Category Archives: LesRom

Review: Her Consigliere (Carsen Taite)

FBI agent Royal Scott has just come out from another assignment, and has been promised both some time off and end to long undercover assignments in the future. Alas,this is not to be, as her boss wants her to go undercover and infiltrate the Mancuso crime family, which he assures her won’t last too long. She reluctantly accepts.,

When Royal leaves the FBI building, she saves a woman from being run over by an SUV. Intentional? Hard to tell. It turns out the woman, Siobhan Collins, is the consigliere (lawyer/advisor) to the head of the Mancuso family. Lucky break that Royal gets to start on the newest assignment right away.

Royal scores an assignment and introduction to a couple of low level associates working for Mancuso, and winds up at the Don’s house, unloading untaxed liquor, which seems to be their specialty. Royal and Siobhan run into one another again and share a few bantering lines.

Siobhan, speaking to the Don and his natural daughter (Siobhan was basically adopted by Mancuso, and raised in the family, much like Don Vito allowed Tom Hagen into the Corleone family in The Godfather). She’s a lawyer. She’s careful, as she should be, protecting the Mancusos. This is why I found it mind-boggling that she tapped Royal – someone she doesn’t know and hasn’t yet vetted – to come work for them as more than a driver of boosted liquor. Even the Don thinks it’s a good idea, just because She pulled Siobhan out of the way of the SUV. Why? Everything she is supposed to do is supposed to protect the family. This is one of the off notes in the story for me. I get it, The two of them need to be put in a situation where they will spend more time with one another, but this was ahead scratcher. At least Siobhan’s driver/bodyguard is suspicious of Royal.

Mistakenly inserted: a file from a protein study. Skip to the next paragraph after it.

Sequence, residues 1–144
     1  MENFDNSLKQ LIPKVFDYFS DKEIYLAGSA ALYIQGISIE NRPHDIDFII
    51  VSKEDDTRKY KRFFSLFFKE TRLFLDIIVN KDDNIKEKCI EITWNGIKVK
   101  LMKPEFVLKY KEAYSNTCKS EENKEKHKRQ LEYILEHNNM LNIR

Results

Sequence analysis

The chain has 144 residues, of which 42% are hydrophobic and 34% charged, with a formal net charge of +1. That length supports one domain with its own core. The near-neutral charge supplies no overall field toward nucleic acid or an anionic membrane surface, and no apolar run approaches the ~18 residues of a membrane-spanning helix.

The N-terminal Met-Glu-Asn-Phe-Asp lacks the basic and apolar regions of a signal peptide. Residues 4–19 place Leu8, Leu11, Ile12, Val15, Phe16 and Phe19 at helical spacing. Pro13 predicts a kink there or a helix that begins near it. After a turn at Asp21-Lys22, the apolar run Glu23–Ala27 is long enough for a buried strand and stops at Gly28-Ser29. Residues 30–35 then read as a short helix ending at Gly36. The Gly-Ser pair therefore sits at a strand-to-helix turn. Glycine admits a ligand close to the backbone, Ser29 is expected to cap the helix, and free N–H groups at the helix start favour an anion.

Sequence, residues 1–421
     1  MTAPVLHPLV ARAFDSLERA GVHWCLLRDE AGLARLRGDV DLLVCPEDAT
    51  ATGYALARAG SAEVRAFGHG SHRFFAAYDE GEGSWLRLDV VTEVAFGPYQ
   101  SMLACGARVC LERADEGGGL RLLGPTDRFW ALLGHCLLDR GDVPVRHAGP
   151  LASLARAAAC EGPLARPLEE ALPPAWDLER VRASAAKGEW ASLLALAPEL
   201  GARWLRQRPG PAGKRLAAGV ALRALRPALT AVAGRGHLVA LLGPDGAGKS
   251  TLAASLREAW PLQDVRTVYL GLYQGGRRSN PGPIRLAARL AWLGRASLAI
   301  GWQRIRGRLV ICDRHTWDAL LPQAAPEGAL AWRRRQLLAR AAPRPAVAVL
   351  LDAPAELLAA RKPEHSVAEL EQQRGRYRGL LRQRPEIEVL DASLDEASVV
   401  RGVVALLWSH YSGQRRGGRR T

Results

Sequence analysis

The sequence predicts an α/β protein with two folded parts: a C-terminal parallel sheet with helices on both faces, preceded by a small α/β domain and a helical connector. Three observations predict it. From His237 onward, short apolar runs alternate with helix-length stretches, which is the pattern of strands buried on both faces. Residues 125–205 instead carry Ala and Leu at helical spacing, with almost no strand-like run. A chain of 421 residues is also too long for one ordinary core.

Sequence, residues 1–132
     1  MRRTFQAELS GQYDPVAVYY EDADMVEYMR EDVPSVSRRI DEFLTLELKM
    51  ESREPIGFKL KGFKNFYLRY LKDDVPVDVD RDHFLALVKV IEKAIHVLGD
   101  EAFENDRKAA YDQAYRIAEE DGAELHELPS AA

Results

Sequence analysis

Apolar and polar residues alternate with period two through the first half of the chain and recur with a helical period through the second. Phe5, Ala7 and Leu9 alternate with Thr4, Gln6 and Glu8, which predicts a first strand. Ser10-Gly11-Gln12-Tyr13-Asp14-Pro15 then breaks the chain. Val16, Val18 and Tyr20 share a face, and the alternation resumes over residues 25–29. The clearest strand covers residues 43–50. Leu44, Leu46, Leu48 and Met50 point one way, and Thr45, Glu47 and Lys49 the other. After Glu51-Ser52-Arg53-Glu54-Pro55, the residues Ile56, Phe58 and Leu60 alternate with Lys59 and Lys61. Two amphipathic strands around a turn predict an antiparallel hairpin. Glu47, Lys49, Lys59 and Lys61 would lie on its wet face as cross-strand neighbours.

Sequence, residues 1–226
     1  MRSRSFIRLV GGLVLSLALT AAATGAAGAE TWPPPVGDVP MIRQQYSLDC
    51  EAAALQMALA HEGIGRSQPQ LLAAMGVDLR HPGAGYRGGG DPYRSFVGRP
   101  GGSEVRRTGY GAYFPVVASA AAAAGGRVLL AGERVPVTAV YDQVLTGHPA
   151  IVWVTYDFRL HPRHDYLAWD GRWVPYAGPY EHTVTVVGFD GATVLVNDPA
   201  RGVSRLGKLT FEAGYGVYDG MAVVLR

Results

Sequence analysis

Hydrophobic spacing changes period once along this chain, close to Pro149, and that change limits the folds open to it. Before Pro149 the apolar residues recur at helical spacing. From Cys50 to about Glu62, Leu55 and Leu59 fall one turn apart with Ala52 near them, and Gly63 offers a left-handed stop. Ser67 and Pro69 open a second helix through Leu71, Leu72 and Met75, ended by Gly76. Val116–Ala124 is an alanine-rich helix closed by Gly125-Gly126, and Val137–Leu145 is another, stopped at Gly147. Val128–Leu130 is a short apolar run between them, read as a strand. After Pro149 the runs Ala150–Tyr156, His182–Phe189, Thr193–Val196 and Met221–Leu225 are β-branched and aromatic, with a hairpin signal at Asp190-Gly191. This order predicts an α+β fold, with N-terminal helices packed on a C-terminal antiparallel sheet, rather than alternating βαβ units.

Siobhan has a suspicion that the Don’s waspish, nasty daughter is up to some kind of no good, but decides she can’t act unless there’s hard evidence of it. Royal has her own family entanglement to deal with when her brother shows up at her door.

The romance part was okay. The mystery/mob part of it, even with the issue I noted above, was better, with Siobhan looking for anyone who might want to hurt the family, and Royal looking out for anyone who wants to kill Siobhan. They get more time together and in fact do wind up sleeping with one another (not: there are a couple of minorly explicit scenes.

The ending feels a little rushed, and not without a bit of a cliffhanger about what happens to someone other than the main characters. The end made me do a bit of a head scratch – it wasn’t completely out of the realm of possibility, but seemed a little too…public, I suppose if the word I’m looking for.

Overall, something that can be read in one sitting without a ton of plot holes, or at least none that couldn’t be ignored for the sake of the two mains. Three out of five stars.

Thanks to Bold Strokes Books and NetGalley for the reading copy.

Review: Her Countess to Cherish (Jane Walsh)